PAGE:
Customers can feel the culture, tone and atmosphere of a store the moment they walk in – or click on. Who determines that culture? Is it the corporate office? Is it the frontline employees? Maybe. Partially. But the key determinant of the culture of any store is the manager.
And, crazily enough, managers are the most underinvested employee segment in business. They’re pretty much left to figure out how to do their job on their own.
All great managers have one thing in common: They act like owners. These guys and gals:
- Know their business: the marketplace, the competition and the consumers.
- See their role as “Chief Engagement Officer,” not as just a great individual contributor wearing a manager’s badge.
- Engage their teams in the culture, business, strategy and in delivering the Customer Experience.
- Drive results through their employees.
Like this time I was shopping for a piece of art for my Chicago condo and fell in love with . . . wait for it . . . a 4×4-foot plexiglas photograph of Hugh Hefner smoking a pipe in the basement of the original Playboy mansion on State Street in Chicago, just a few blocks from where I live.
Yes, surrounded by Playboy bunnies.
True story! Now, what says “Chicago” more than that? I had to have it! My wife’s only objection? The price (that’s right, just the price). So I asked if the piece came in any other size, in the hopes that something a bit smaller would be more affordable. The sales person quickly dismissed me with a wave of the hand. “Oh this is an original. This is the only one.” And walked away.
Lucky for me (and the store) the manager was nearby, and he’d heard the conversation. He said, “Sir, have you purchased with us before?” I said, “No, I haven’t, but I’ve been window shopping with you for months.” “Oh great,” he said. “I can give you a first-time-customer 10% discount on that piece.”
BAM. Bought it right then and there, and went back that same day and emptied my pockets at that store even further. That manager knew what I wanted and was able to make a real-time decision to win me as a customer and begin to create a loyal relationship. That manager was acting like an owner. It wasn’t just the discount – it was his knowing what to do and how and when to do it.
Now, what happened to that hand-waving sales guy? And is his behavior that manager’s fault? Well, I don’t want to take up word count here – I want to give you some tips to help you improve your business starting today – but I do go into all the juicy details in my book, 720 Haircuts: Creating Customer Loyalty that Lasts a Lifetime. (And yes, there’s a story behind the title too.)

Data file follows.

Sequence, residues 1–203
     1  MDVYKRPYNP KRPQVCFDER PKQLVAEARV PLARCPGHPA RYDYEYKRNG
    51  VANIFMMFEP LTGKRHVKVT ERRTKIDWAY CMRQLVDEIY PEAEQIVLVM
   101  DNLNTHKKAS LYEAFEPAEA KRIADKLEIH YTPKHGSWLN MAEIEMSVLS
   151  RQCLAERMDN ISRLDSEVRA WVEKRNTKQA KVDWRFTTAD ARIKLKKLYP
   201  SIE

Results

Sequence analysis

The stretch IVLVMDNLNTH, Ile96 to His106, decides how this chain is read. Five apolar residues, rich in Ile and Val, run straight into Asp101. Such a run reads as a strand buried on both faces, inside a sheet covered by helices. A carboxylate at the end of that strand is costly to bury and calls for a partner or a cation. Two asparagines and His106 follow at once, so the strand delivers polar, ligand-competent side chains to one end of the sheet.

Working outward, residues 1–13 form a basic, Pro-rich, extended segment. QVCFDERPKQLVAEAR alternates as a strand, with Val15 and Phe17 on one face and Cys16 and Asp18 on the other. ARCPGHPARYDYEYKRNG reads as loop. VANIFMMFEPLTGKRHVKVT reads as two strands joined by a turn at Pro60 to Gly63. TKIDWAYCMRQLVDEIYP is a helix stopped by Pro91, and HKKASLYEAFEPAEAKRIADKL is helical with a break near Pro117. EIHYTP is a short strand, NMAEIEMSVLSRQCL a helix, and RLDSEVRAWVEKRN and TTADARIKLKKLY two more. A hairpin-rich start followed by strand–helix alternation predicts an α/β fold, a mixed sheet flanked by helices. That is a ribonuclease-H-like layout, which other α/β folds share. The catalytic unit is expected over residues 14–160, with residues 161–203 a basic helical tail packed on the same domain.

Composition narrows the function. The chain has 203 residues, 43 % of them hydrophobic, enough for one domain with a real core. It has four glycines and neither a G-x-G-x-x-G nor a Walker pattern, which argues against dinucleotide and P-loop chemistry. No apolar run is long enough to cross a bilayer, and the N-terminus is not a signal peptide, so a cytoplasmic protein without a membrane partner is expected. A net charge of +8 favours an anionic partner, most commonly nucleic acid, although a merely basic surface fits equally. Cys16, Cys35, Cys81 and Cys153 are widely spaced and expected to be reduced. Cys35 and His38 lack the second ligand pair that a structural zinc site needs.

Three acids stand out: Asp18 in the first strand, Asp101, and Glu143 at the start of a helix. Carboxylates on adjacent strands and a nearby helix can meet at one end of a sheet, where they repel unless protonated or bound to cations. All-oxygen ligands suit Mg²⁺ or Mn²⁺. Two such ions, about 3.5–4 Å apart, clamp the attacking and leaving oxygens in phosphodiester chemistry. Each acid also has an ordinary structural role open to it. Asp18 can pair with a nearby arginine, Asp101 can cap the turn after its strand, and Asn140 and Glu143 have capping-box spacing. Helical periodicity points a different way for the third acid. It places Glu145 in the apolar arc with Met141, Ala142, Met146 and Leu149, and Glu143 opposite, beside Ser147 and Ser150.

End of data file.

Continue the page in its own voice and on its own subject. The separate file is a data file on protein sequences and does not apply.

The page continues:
Empowering Your Managers is as Easy as 1, 2, 3, 4
Here are 4 ways you can start empowering managers to act like owners TODAY. Think of this an investment in delivering a world-class Customer Experience.
- Take managers offline to learn about your business and their role in it. Don’t let your manager feel like the best individual contributor on the team, make him or her feel like a business owner! Every manager in your organization should understand how their success is driven by the success of their team. The best managers are the lynchpins between the corporate office and the frontline. It’s up to you to make sure people understand this critical function of being a manager.
- Immerse them in your industry, the marketplace you serve and your strategy to win. As people deepen their understanding of the marketing, the competition and consumers, they’ll feel like the experts they are and bring that confidence to work with them. This will make your customers trust them, seek them out even and hopefully, if all goes as planned, become loyal customers who appreciate the knowledge your team provides them. All because you took the time to invest in your managers and give them all the knowledge they needed to truly understand your organization and your industry.
- Let them make decisions as if they owned the store, while upholding the standards of the business. Encourage and empower your managers to make split-second, real-time decisions that convert window-shoppers to buyers and first-time customers to loyal ambassadors. Yes, organizations have protocols set in place that should be followed . . . in most instances. But, be sure your managers understand when on-the-fly decisions are safe risks with big customer experience rewards.
- Build their skills so they can be CEOs – Chief Engagement Officers – of their teams. Your managers should view their role as Chief Engagement Officer, someone who main responsibility is to engage, coach and empower their team members. The best managers? The ones who understand the business and know how to engage each of their team members to this mission too. It’s all about driving results through their team members.
Once you’ve taken these steps, you are sure to see the benefits. It might not be easy and will take time and effort on your part, but empowering managers to act like owners is an investment in delivering a world-class customer experience.